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  • Naturalist Compulsion, Racial Divides, and the Time-Loop Zombie
  • Bryan Yazell (bio) and Hsuan L. Hsu (bio)

Colson Whitehead's Zone One (2012) popularized a new kind of zombie: neither the slow, lumbering, hungry zombies made famous in George Romero's Night of the Living Dead (1968) nor the more recently introduced fast zombies of 28 Days Later (2002) and World War Z (2006), but the time-loop zombie compulsively repeating a habitual action. Whitehead's "stragglers"—a succession of imponderable tableaux frequently consisting of bodies going through the motions of their everyday labor—shift the zombie's instinctive drive from hunger to a blend of habit and nostalgia. At the same time, they introduce into the zombie narrative [End Page 23] forms of motivation and temporality that have long been central to naturalist and neonaturalist fiction: a life characterized not by individual will or teleological progression but by compulsive repetition.

This resonance between the time-loop zombie and the naturalist mode was anticipated by Georg Lukács, who lamented that readers of naturalist fiction "do not watch a man whom we have come to know and love being spiritually murdered by capitalism in the course of the novel, but follow a corpse in passage through still lives becoming increasingly aware of being dead" (1970, 146). Whereas Lukács suggests that such lifeless tableaux—in part because of their descriptive excess—contribute little to readers' under-standings of human character and social relations, Jennifer Fleissner offers a more generous interpretation of naturalism's repetitive tics in her influential study Women, Compulsion, Modernity (2004). Rather than writing off naturalist characters as dead, Fleissner finds in them a distinctive kind of motion: "naturalism's most characteristic plot, as in the case of the modern young woman, is marked by neither the steep arc of decline nor that of triumph, but rather by an ongoing, nonlinear, repetitive motion—back and forth, around and around, on and on—that has the distinctive effect of seeming also like a stuckness in place" (2004, 9). Fleissner's central innovation in reading naturalism as a mode concerned with the emergence of modern women involves a revaluation of naturalism's obsession with the nonlinear, stalled temporality—of not only description but domestic time, fads, sentimental drift, and the death drive—not as a deterministic tendency toward still life but as a dynamic, compulsive motion. As opposed to the determinism so often associated with naturalism, "compulsion would indicate more of a participation, even an investment, in one's own reduction from agent to automaton. … What is needed, clearly, is a construal of compulsive behavior, available within the period itself, in which it ceases to appear in its common guise—as merely the stagnant, repetitive opposite of the will to act—and becomes inextricable from creative potentiality" (2004, 39). Characterized by the psychologist Pierre Janet as a "feeling of incompleteness," compulsion underscores how naturalism's antinarrative tendencies evoke "possibilities left incomplete"—both for individual women and for our understanding of historical time (55). [End Page 24]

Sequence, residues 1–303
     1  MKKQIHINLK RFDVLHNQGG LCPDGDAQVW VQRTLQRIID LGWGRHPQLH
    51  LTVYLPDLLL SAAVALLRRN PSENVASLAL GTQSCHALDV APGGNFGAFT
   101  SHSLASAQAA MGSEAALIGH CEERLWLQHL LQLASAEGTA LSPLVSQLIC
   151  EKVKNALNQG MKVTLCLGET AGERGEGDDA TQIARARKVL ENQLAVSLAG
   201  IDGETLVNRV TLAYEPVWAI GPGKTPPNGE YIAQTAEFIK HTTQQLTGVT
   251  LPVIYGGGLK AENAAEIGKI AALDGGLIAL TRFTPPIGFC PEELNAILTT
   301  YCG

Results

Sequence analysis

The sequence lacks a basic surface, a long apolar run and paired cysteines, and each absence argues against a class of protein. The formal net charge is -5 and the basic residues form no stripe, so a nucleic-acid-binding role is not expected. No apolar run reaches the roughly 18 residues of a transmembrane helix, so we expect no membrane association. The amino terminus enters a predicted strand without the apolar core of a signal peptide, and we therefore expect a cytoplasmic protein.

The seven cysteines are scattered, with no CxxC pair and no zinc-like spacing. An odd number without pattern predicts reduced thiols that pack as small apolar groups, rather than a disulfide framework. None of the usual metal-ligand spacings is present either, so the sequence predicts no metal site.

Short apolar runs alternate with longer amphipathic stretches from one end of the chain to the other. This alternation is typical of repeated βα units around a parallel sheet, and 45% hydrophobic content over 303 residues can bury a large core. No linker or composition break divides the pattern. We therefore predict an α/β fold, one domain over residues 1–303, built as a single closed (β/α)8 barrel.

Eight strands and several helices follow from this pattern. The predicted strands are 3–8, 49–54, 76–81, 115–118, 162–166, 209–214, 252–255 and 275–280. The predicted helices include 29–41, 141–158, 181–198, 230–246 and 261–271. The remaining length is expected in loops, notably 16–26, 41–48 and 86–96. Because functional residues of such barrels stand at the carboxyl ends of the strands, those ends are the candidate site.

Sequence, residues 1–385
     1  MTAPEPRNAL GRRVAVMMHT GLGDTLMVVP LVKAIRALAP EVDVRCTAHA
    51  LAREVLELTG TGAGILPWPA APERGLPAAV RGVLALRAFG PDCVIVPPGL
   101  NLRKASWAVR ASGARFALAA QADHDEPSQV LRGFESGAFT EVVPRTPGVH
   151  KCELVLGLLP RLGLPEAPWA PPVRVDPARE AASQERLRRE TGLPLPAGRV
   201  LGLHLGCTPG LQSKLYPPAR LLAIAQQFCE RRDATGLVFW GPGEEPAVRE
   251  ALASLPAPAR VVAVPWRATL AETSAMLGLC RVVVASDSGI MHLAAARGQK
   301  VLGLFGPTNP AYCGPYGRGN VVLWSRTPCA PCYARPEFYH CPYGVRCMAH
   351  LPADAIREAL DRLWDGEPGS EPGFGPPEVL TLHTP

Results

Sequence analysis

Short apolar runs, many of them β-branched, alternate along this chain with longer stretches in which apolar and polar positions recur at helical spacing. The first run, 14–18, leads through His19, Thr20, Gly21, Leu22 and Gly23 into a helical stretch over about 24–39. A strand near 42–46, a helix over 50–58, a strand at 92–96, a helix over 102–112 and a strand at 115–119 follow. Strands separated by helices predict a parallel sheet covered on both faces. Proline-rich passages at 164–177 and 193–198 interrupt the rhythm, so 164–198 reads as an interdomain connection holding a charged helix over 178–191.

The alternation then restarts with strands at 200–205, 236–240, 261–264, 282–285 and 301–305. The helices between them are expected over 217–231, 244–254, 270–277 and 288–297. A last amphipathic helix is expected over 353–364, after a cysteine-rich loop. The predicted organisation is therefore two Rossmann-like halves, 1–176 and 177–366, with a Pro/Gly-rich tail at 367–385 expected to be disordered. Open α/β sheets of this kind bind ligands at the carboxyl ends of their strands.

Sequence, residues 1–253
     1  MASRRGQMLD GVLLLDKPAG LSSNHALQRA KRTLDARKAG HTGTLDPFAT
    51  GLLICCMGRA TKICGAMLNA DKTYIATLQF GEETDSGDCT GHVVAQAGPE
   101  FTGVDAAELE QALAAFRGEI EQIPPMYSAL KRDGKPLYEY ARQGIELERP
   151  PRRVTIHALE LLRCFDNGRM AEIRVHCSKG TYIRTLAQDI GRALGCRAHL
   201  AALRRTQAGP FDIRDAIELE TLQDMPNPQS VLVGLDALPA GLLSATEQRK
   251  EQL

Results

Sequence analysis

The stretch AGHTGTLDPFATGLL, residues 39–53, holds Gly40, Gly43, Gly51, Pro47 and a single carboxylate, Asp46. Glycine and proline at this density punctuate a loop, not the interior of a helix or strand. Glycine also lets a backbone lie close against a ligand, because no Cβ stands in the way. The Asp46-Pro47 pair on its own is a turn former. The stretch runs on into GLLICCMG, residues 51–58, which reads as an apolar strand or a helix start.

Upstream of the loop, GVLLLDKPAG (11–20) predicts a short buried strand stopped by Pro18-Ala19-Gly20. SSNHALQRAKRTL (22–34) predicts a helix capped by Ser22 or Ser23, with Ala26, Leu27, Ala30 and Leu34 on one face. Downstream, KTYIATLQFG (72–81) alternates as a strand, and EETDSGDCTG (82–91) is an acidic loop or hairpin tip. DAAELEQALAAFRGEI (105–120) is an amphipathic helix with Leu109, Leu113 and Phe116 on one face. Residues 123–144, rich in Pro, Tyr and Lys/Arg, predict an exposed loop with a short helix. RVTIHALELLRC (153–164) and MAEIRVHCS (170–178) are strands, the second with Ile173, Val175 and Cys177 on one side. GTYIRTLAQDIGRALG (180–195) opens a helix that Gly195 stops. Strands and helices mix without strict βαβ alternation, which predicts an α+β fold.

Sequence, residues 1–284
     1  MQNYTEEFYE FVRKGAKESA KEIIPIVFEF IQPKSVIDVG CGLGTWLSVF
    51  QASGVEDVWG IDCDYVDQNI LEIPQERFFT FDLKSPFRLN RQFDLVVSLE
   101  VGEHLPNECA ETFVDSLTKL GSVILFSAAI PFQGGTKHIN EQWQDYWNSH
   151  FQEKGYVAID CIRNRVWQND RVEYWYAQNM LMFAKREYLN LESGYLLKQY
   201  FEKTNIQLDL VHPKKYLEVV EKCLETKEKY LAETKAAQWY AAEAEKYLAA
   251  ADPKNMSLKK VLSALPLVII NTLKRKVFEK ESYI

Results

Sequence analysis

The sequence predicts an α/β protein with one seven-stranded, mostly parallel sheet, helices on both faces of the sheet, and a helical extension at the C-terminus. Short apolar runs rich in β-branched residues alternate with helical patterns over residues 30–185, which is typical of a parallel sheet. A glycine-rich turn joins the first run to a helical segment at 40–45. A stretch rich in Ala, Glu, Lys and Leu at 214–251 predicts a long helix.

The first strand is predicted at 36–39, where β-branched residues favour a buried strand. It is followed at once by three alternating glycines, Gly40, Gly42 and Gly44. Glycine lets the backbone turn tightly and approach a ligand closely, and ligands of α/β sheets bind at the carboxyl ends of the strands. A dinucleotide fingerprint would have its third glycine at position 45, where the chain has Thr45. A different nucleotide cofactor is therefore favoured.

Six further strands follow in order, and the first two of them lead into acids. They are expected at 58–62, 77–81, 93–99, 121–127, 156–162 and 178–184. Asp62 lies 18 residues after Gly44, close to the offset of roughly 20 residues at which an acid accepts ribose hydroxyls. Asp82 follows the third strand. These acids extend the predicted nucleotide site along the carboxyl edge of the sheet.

How might Fleissner's theorization of "compulsion" reshape our understanding of naturalism's aesthetic legacies? In her book's conclusion, Fleissner explores how African American women's fiction extended earlier naturalists' efforts to "[inhabit] the degraded position of embodied subject too deeply" (2004, 277). This essay extends Fleissner's discussion of the intersection between race and naturalist compulsion into twenty-first-century narratives. We consider how two dystopian novels that center the time-loop zombie—Whitehead's Zone One and Ling Ma's Severance (2018)—deploy naturalism's "ongoing, nonlinear, repetitive motion" to dramatize economic, environmental, epidemiological, and racial contradictions that simultaneously sustain and threaten global capitalism. Whitehead and Ma imagine dystopian scenarios wherein historical time itself is in the process of dissolution. In a historical moment when the sustainability of the capitalist economy seems deeply precarious, what does it mean to be "stuck" in motion? The strange, ambivalent affinities that Whitehead and Ma chart between their racialized protagonists and time-loop zombies point toward both the embodied appeal of capitalism's habits and the possibility of carving out modes of life and futurity after the end of capitalism.



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pp. 23-46
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